Do I Believe My Eyes?

By Anna Sachse

Posted April 24, 2008 in Mind Body Spirit

Not all of us are overweight. Not all of us smoke. Not all of us fail to get enough sleep. Not all of us forget to wear our sunscreen. There are a lot of unhealthy things in the world that don’t apply to all of us here in SoCal; however, there is one thing that probably applies to most—eye strain from computer use. 

According to optometrist Dr. Marc Grossman, OD, LAc, cofounder of Vision Works, Inc., more than 50-percent of computer users experience eyestrain, headaches, blurred vision and other visual symptoms related to sustained use of the computer. This type of stress on the visual system can also cause body fatigue and reduced efficiency at work. We were born to have hunters’ eyes, states the Vision Works website, which we needed for spotting game or danger at a distance. But over the last few decades, much of both our work and our recreation (Internet, television, video games) has shifted the focus of our vision to an arm’s length. Dr. Grossman, a fan of combining traditional with alternative treatments for eye care, says having more close-up visual tasks often produces problems such as nearsightedness, suppressed vision in one eye, poor eye teaming and now, some research is finding, a tendency toward glaucoma.

Now, I do have to say that the Western-medicine-oriented Mayo Clinic explicitly states that eyestrain resulting from computer use, although bothersome, isn’t thought to have serious or long-term consequences. They clearly take it less seriously than Dr. Grossman (who does make money off of helping people with their eyestrain problems), but they are also a little less open-minded about what is unhealthy in our society. I suppose the choice is up to you, but when it comes to the ability to see, do you really want to play with fire?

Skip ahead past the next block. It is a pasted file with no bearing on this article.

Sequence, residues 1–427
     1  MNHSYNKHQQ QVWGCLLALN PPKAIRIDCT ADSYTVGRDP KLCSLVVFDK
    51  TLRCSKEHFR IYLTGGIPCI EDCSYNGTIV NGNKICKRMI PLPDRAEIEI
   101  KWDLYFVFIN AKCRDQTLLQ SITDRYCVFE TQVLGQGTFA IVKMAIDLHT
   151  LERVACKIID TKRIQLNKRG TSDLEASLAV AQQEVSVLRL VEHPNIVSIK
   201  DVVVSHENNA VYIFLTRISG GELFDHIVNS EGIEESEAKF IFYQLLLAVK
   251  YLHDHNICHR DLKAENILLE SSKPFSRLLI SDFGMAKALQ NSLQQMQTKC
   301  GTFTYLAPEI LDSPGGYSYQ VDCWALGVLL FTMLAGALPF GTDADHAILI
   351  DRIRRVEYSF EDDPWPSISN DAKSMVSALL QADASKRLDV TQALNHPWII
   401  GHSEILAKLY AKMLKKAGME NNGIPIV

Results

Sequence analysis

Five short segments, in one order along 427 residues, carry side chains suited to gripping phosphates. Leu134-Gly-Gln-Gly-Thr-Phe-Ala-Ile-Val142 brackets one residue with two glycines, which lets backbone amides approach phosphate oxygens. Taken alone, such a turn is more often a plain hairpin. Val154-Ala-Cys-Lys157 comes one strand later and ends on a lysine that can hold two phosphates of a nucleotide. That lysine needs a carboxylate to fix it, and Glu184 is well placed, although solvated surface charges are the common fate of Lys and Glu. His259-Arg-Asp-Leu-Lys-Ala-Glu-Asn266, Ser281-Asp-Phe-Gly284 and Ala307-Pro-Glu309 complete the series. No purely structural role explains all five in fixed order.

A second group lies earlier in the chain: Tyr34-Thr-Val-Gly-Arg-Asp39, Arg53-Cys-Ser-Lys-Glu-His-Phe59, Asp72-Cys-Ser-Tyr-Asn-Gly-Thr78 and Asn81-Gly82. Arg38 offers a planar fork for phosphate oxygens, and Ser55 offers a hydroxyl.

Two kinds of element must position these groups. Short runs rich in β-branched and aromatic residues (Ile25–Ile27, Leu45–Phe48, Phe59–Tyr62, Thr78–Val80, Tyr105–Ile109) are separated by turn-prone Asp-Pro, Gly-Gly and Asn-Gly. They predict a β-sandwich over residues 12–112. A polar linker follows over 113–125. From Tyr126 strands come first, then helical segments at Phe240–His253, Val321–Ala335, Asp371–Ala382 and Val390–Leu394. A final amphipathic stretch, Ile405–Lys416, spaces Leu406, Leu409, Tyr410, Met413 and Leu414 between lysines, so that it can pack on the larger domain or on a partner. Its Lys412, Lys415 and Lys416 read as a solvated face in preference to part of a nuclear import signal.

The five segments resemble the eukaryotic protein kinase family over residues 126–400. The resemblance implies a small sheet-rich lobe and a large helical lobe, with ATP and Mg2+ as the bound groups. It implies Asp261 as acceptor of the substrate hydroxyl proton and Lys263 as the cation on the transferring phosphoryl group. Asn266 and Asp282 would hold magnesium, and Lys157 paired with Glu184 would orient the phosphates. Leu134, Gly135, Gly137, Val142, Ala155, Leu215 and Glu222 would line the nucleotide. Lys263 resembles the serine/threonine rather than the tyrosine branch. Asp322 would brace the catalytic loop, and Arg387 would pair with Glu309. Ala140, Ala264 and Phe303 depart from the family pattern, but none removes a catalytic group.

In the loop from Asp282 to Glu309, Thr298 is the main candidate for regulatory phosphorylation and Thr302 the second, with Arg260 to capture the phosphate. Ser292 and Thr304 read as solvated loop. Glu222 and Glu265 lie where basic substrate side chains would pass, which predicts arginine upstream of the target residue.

Regardless, all parties agree that eyestrain is uncomfortable and distracting. Common signs include: sore, burning, itching, watery or dry eyes; blurred or double vision; headache and sore neck; difficulty shifting focus between a computer monitor and paper documents; color fringes or afterimages when you look away from the monitor; increased sensitivity to light; and changes in glasses prescription

I’m pretty sure all of us computer users have been there, but here’s some ideas for “done that” computer-related eyestrain remedies.

First, advises Dr. Grossman, your computer should be set up in an eye-friendly way: the computer screen slightly below eye level (about 20 degrees); screen brightness and contrast consciously adjusted for maximum viewing comfort; workstation lighting at a 10:3 ratio (screen characters 10 times brighter than the screen background; room illumination three times brighter than screen background); glare and screen reflections eliminated by moving or tilting the computer or getting an anti-glare screen; operator facing away from windows or bright light sources; and screen cleaned regularly, as dust adds to glare.

The Mayo Clinic suggests periodically taking eye breaks by forcing your eyes to focus on something other than your screen. Try this exercise: Hold a finger a few inches in front of your face and focus on it as you slowly move it away; focus on something in the distance and then back to the finger; slowly bring the finger back toward your face. Shift your focus to something farther than eight feet away and hold your eyes there for a few seconds. Repeat three times, several times a day.

They also suggest blinking often in order to lubricate and refresh your eyes, as well as giving yourself a five-minute rest every hour in which you can do other work, such as phone calls or filing.

Now stop reading this article and go for a walk!



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